I just finished reading the first chapter in the Emerald City of Oz, by L. Frank Baum. I found several free copies to download and read via a google search. Feedbooks has a nicely formatted pdf version for anyone interested. At some point, we'd like to have the entire series on the oz-stravaganza.com website.
Baum wrote an "Author's Note" in the beginning of The Emerald City of Oz. In it he makes an admission that should be of special interest to any of our Writing Contest hopefuls, this year. I have extracted this for your benefit here:
" Perhaps I should admit on the title page that this book is "By L. Frank Baum and his correspondents," for I have used many suggestions conveyed to me in letters from children. Once on a time I really imagined myself "an author of fairy tales," but now I am merely an editor or private secretary for a host of youngsters whose ideas I am requested to weave into the thread of my stories.
These ideas are often clever. They are also logical and interesting. So I have used them whenever I could find an opportunity, and it is but just that I acknowledge my indebtedness to my little friends..."
- L. FRANK BAUM.
After reading his note, I was eager to get into the story. I was amazed at how little time it took for Baum to implant a wisdom teaching. On the very first page, there was a most beautiful notion that could have been spoken by the Buddha himself.
In chapter one, we meet the Nome King, and his Chief Counselor, among others. The Nome King is very unhappy because Dorothy and Ozma of Oz have previously taken his magic belt. The Nome King explains that this is inhibiting his ability to perform magic. He summons his Chief Counselor for advice, and this is what his Chief Counselor says on the bottom of the first page:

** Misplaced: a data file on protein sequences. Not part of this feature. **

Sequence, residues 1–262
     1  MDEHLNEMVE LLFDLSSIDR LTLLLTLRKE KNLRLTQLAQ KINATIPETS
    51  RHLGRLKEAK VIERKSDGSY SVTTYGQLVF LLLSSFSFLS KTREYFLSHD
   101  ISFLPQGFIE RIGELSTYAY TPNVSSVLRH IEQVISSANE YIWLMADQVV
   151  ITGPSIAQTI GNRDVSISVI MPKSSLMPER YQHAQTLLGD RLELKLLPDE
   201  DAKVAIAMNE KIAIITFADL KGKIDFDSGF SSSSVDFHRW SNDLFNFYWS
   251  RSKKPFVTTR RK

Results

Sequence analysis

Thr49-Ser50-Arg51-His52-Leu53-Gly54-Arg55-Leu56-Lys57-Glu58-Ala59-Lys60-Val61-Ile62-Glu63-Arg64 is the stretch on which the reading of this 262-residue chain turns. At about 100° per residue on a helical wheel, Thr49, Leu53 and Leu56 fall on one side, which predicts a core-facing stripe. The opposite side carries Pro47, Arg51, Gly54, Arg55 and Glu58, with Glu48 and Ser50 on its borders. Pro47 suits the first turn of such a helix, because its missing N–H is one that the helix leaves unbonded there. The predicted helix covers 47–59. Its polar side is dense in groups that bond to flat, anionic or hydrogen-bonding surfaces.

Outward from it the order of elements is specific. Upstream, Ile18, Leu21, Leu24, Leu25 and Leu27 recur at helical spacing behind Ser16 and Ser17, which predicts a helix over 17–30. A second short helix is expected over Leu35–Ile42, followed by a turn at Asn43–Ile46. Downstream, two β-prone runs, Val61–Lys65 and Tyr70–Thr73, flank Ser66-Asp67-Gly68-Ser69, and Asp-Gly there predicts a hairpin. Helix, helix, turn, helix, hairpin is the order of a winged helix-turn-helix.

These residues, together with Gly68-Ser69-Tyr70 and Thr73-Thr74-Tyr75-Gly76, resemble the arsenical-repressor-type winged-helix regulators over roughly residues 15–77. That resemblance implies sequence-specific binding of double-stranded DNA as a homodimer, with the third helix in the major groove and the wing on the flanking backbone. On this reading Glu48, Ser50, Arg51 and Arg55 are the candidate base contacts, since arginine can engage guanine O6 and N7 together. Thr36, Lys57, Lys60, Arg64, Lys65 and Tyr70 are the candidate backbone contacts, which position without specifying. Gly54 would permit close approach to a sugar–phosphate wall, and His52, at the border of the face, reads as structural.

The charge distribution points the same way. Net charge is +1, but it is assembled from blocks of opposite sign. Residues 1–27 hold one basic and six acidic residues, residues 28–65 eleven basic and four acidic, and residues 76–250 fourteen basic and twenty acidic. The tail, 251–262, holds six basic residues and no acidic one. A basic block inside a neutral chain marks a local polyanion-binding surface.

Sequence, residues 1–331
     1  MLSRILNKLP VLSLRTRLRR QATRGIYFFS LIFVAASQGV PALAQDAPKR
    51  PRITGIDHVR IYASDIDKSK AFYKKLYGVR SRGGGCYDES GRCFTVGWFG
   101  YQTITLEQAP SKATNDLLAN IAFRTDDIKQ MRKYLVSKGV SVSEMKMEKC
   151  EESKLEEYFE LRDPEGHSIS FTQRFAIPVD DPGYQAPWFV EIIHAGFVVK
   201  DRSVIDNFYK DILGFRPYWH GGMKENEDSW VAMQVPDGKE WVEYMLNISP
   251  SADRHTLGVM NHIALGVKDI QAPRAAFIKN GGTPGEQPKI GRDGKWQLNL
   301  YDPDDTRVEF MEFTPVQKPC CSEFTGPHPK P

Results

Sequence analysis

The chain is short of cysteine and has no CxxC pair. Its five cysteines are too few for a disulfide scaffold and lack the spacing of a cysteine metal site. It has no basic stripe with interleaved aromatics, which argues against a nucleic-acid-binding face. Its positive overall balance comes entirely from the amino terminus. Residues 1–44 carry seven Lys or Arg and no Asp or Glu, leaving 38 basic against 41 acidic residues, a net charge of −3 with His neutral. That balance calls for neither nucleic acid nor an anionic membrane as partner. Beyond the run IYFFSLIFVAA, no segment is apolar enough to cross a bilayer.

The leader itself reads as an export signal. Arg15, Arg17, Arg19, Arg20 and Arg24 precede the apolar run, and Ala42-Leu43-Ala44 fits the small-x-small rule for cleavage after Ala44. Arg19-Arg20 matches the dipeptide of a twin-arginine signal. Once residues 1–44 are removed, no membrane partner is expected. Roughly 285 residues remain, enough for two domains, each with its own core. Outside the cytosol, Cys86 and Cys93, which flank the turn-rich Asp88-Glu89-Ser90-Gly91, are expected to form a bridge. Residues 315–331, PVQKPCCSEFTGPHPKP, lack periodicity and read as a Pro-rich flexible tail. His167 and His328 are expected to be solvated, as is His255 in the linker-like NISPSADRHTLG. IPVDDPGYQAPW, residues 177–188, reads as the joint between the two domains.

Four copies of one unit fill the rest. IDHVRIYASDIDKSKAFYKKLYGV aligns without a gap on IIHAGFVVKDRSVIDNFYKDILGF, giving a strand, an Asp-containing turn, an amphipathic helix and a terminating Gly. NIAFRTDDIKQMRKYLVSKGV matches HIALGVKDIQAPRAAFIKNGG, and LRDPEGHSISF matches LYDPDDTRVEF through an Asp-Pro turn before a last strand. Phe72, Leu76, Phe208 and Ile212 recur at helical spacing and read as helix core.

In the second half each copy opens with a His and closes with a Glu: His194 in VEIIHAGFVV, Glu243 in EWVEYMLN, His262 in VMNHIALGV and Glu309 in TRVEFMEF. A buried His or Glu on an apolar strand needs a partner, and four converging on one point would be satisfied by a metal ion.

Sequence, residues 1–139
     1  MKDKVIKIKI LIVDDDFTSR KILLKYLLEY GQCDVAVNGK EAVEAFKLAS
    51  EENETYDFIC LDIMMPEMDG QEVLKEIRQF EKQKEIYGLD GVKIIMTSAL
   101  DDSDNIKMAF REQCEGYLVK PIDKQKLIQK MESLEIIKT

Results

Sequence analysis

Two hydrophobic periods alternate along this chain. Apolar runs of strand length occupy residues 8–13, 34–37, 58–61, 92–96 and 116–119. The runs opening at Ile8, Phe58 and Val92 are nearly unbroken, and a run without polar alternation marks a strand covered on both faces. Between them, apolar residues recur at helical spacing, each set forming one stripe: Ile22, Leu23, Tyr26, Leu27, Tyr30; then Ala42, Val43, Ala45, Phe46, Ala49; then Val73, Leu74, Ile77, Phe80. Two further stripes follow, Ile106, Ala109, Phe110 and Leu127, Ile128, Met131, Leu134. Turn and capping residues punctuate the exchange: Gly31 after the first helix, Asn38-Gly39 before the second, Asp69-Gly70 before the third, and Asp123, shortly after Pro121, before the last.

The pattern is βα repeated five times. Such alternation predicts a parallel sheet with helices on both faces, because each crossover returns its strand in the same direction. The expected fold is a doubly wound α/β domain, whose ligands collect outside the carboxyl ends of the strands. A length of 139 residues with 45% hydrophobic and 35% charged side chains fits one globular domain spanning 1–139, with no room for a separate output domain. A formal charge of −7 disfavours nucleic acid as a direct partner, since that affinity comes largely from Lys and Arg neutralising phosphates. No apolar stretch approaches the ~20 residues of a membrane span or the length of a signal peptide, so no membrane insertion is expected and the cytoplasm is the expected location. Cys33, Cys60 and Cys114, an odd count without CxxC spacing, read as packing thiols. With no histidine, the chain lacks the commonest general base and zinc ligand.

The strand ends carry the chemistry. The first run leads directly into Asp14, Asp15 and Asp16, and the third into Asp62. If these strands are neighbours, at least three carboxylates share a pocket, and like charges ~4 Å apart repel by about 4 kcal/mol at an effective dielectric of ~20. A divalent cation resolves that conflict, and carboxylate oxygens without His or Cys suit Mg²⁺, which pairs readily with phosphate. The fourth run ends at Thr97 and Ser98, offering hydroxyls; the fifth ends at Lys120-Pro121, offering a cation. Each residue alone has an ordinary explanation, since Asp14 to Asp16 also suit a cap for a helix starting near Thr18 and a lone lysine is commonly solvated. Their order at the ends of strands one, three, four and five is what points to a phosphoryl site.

"Why, if you are angry because you want to do magical things and can't, and if you don't want to get angry at all, my advice is not to want to do magical things."While some of you may dismiss this, as the Nome King did, as foolish, this is actually a legitimate thought process proscribed within the Four Noble Truths taught by the Buddha. The particular truth goes something like this, "Dissatisfaction with life arises from desiring to have what cannot be had or desiring to avoid what cannot be avoided."
By the end of the first chapter, we see that King Roquat the Red is not a very likeable Nome. He is needy and doesn't take the advise of those he has entrusted to advise him. It is said that no one loves him; and, that isn't too hard to imagine. On the last page of the chapter he resolves...
"to destroy the Land of Oz and its magnificent Emerald City, to enslave Princess Ozma and little Dorothy and all the Oz people, and recover his Magic Belt."
It seems this will be a tale of vengeance thwarted; or, at least I hope so, for Oz sake!
I hope you join me in reading or re-reading this book! Please post a comment and let me know what your thought are!